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Review: Suicide Squad #20


The Short Story: Amanda Waller has a job opening and fills it.

 

Synopsis (spoilers ahead): We open with Waller interviewing Katana, who is willing and ready to take on the responsibility of being leader. Waller doesn’t want her as leader, though. She believes she’ll be more suited as Waller’s bodyguard.

 

Harley Quinn is broken after the loss of Flag. The two were being shipped together before his death. Quinn was beginning to show progress, but now that Flag is gone, she’s regressed worse than she was before — resembling the Joker more now than before.

 

Enchantress and Croc are out of the mix. The budding romance between the two is something Waller plans to exploit, so the responsibility of the whole team being on their shoulders would be pointless. The two visit Manhattan, and June is nervous about presenting her art to get a freelance gig because of her being a convict. Croc convinces her to try, and she does. However, she doesn’t make it past the front desk. Enchantress emerges, and threatens the city, but Croc scares a big shot to approve of it, and everyone is happy.

 

Meanwhile, Waller is interviewing Captain Boomerang, but she lets him know that she doesn’t like him for the job. He’s too immature, his colleagues don’t respect him, and she doesn’t trust him.

 

She moves on to the final member, Deadshot. He’s got a new cybernetic arm equipped with a wrist mounted gun. He tells her he’s not leader material, but insists that she knows who the leader should really be.

 

Waller chooses… Harley Quinn.

 

Analysis: Rob Williams had me with this issue. Yes, it was a “filler issue”, but let’s be honest — they’ve been much better than the ones trying to follow a plot line. In fact, I’d prefer just the filler issues. We have to fill in the blanks of the adventure, and we just see their interactions in between missions. Wondering who was going to take charge was a no-brainer for me. It was down to 1) Katana or 2) Deadshot. Katana was second in command, not a criminal, and an extremely loyal person. Plus, we have yet to dive into her as a character, and this would give us the opportunity to explore that. However, I have the belief that if someone wants a position of authority, that’s a red flag that the power has potential to go to their head. With Deadshot, you have someone who has had a lot change for him. He’s found a reason to continue living — his daughter. He’s finally got some time with her, and he has a new outlook on life. The guy lost an arm. And he’s the type of person who’s willing to make the tough decision. And then we get to his choice, and the whole thing falls apart for me… Harley Quinn. From a logical standpoint, Harley is about middle of the pack in terms of field leader. And from a story perspective, Harley is the LAST person I would choose, and that’s why this has me ticked off. Boomerang would be fun. Croc would be interesting mostly because of his relationship with June. And Enchantress has only been used as a plot device so far, so at least we’d get some story opportunities. Williams making Quinn the leader makes this whole thing feel like a popularity contest, therefore throwing out all logic, yet the story is still predictable.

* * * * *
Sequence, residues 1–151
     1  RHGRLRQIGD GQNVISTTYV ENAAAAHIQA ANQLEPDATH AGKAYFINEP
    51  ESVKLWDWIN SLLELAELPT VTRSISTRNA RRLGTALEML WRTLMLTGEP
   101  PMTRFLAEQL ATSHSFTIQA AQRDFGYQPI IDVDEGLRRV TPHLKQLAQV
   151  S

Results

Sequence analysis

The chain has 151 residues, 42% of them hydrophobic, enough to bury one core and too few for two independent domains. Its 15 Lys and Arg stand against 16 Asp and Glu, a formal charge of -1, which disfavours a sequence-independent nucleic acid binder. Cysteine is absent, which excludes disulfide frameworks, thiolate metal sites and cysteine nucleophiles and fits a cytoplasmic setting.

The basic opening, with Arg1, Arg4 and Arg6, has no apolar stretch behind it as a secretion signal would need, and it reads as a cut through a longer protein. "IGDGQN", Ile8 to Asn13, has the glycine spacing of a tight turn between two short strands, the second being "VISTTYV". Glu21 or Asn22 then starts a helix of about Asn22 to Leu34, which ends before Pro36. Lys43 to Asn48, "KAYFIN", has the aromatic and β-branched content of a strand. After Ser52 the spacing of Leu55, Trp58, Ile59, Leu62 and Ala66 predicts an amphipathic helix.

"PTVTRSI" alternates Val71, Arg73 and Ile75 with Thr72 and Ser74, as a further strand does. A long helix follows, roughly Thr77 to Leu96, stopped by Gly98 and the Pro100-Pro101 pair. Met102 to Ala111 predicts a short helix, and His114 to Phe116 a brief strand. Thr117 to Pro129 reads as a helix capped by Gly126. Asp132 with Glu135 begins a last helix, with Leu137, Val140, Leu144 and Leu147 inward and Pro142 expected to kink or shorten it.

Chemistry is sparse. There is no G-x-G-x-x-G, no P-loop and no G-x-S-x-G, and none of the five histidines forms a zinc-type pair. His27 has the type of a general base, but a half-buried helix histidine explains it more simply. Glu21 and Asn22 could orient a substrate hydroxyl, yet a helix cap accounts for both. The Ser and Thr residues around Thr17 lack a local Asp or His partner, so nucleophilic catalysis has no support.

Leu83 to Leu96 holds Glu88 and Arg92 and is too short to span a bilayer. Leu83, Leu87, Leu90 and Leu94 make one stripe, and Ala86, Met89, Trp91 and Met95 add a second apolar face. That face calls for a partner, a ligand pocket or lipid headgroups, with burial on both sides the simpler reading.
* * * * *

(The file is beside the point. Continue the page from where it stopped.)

Stjepan Sejic does it all here — pencils, inks, colors — and boy, is it beautiful. I’ve seen his work on some indie work, but didn’t realize how much I would enjoy him on superhero books. Each character has so much personality, yet looks so cool. The detail in Katana and Enchantress’ clothes were amazing. Boomerang looked fun. Deadshot looked like a boss. This book is beautiful, and I’d like to see DC use this guy more. Pat Brosseau continues to letter this book, and does a solid job here. No complaints.

 

Overall: The direction of this book had me hyped when it began. It would fill me with hope and excitement, and by the end would make a stupid turn that defies all logic. This one issue encapsulates that.

 

 

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